You might save money by installing your own blinds. If you are outfitting your entire house with blinds, you definitely have a big project on your hands, but if you have the time and the know-how, go for it! If you’re only doing one room, then you have a manageable project — and a good way to see if the job is a good match to your skills.
If you’re thinking about putting up your own blinds, you must already have some ideas about what you want. Armed with these, and maybe some pictures, head to your local blinds store to discuss your options with a professional. Wood? Faux wood? Aluminum? Many consumers think they will save money by going to a big-box hardware store, but the truth is, you’re just adding in a middleman. The store has to make a profit, and the extra fee it tacks on comes out of your pocket. Deal with a blinds store, or, if you’re certain you know exactly what you want, with the manufacturer directly.
Measure Twice, Cut Once
After you’re sure of the product you want, it’s time to measure your windows. Many stores sell ready-made blinds, which are significantly cheaper than custom-made. However, the savings are not worth it to some people, who want their blinds to fit properly. The scenario is not unlike buying a pair of jeans: You can try on 100 kinds and find two or three that are acceptable, but for a truly perfect fit – no gaps, no sagging, no bunching up — custom is the only way to go. So measure your windows carefully — you want to make sure you get a good fit.
Once your perfectly sized blinds have arrived, it’s time to buckle on your tool belt and get to work. Although most blind installations are done in a similar fashion, read the manufacturer’s instructions first to check for any special directions or information. Barring anything out of the ordinary, your first step is installing the brackets. While it is technically not difficult to affix the brackets to the window frame, it is critically important that they be properly aligned and level with one another so that when installed, the blind is straight and even, otherwise it will not raise and lower properly.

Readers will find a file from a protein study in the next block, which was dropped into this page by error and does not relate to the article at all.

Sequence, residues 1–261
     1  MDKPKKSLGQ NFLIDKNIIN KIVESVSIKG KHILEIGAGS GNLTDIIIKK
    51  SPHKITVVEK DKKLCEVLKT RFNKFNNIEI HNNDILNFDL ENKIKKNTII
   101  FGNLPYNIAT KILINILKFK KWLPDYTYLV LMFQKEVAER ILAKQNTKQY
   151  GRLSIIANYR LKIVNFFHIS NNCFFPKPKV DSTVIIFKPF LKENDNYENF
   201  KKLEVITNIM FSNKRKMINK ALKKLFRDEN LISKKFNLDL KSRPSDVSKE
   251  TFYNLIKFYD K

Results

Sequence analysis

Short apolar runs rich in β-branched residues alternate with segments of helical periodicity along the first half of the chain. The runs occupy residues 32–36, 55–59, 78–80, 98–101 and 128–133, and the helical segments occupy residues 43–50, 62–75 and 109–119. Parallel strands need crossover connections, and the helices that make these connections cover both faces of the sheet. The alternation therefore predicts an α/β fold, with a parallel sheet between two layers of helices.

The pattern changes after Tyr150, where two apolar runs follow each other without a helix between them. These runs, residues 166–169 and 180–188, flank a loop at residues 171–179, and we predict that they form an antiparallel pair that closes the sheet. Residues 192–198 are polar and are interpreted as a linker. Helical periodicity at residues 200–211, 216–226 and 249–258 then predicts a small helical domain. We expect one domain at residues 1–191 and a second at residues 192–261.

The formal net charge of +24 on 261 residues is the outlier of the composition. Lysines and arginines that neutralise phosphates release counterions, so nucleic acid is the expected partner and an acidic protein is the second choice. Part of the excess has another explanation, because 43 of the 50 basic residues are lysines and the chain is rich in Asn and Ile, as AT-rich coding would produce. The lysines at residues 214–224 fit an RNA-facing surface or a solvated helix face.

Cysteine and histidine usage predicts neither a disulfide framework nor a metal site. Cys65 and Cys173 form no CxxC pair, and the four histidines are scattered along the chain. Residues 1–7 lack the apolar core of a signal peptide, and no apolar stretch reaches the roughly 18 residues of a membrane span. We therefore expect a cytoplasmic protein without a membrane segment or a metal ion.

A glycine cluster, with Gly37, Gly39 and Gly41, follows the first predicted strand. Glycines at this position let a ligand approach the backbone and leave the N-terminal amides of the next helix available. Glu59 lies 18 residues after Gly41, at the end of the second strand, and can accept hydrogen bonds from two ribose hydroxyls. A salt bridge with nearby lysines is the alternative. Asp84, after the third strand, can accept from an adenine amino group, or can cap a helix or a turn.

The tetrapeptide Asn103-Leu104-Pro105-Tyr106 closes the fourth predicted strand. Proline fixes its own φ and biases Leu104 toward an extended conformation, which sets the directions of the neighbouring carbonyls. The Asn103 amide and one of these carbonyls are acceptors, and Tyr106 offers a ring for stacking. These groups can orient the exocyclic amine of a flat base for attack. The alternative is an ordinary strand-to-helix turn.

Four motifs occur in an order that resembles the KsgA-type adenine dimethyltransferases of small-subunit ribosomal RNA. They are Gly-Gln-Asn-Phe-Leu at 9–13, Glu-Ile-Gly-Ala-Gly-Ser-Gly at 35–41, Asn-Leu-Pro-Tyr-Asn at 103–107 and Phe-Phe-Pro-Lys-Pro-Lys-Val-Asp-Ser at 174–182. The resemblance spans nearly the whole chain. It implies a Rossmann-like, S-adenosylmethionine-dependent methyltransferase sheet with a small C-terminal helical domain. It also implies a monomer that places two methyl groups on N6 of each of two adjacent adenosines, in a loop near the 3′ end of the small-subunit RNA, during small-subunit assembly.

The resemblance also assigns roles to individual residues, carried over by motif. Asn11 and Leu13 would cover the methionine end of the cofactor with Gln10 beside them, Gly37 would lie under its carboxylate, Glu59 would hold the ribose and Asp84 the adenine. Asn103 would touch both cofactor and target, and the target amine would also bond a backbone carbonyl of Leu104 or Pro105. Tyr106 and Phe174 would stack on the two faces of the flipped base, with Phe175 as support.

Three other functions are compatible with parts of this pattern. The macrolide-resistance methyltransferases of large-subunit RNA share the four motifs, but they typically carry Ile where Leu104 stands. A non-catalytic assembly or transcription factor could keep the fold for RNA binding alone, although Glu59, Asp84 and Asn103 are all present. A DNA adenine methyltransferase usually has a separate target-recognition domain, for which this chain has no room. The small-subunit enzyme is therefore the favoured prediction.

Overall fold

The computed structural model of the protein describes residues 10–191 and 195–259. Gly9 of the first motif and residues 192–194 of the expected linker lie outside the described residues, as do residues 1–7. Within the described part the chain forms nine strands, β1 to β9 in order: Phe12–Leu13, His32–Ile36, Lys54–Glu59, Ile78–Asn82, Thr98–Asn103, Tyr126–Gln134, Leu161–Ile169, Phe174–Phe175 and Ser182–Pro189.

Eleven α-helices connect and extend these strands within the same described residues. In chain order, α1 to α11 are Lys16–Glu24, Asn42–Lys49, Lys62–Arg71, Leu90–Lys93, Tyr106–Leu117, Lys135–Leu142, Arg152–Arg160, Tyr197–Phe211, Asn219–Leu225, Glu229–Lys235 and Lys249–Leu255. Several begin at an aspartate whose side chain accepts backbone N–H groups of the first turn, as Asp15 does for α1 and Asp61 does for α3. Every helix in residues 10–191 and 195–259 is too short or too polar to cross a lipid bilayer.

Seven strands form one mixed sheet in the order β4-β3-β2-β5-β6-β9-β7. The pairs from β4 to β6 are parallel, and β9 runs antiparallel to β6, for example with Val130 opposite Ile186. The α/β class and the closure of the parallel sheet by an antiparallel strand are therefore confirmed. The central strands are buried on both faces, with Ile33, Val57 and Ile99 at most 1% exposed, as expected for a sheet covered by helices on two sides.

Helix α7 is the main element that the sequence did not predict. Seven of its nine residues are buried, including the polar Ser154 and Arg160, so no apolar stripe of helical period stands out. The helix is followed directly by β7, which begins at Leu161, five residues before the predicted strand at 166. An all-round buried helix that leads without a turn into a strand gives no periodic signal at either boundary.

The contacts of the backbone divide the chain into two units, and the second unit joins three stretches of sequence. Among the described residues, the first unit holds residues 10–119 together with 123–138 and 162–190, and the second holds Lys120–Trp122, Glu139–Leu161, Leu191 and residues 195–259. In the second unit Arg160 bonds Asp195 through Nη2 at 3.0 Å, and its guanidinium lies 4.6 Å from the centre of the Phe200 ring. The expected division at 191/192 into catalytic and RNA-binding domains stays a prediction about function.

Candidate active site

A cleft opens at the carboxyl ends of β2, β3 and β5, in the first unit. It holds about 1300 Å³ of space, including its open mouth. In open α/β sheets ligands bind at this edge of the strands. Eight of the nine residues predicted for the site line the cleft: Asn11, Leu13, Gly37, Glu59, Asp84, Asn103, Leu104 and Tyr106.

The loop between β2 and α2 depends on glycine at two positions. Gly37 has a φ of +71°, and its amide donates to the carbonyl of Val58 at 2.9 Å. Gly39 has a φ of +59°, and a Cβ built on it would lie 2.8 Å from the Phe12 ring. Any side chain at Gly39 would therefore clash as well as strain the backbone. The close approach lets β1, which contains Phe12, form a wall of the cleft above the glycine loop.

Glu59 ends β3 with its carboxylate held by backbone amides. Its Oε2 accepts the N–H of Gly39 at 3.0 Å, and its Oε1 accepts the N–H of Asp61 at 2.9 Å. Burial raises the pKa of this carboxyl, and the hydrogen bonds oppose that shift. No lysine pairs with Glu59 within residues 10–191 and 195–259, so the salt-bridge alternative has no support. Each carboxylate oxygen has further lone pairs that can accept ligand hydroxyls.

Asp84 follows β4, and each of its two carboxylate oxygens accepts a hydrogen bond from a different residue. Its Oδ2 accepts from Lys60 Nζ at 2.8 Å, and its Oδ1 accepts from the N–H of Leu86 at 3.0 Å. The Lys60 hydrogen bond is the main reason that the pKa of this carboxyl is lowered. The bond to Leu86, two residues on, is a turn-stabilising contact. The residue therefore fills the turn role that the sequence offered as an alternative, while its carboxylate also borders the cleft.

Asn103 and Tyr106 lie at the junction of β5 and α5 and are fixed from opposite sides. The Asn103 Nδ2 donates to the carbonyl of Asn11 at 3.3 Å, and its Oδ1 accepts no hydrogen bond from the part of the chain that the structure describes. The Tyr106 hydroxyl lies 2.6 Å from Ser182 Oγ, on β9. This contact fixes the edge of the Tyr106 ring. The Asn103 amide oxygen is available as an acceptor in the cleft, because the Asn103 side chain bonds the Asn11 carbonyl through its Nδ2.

Once you have the brackets properly installed, the blinds should snap into place easily. The next step is attaching the tilt wand and valances, if you have purchased any. Some blinds are made with the valances already attached, but others require the installer to attach them with clips.
Problems you can run into include difficultly getting the brackets level, difficultly getting them straight if you are affixing them to an angled frame and problems getting a safe, tight mount if you are attaching the brackets to plaster or wallboard. But don’t fear — most blinds stores will offer help if you run into trouble. Check ahead of time to make sure your blinds store offers installation support to its customers if you’re at all unsure of your ability to install your own blinds.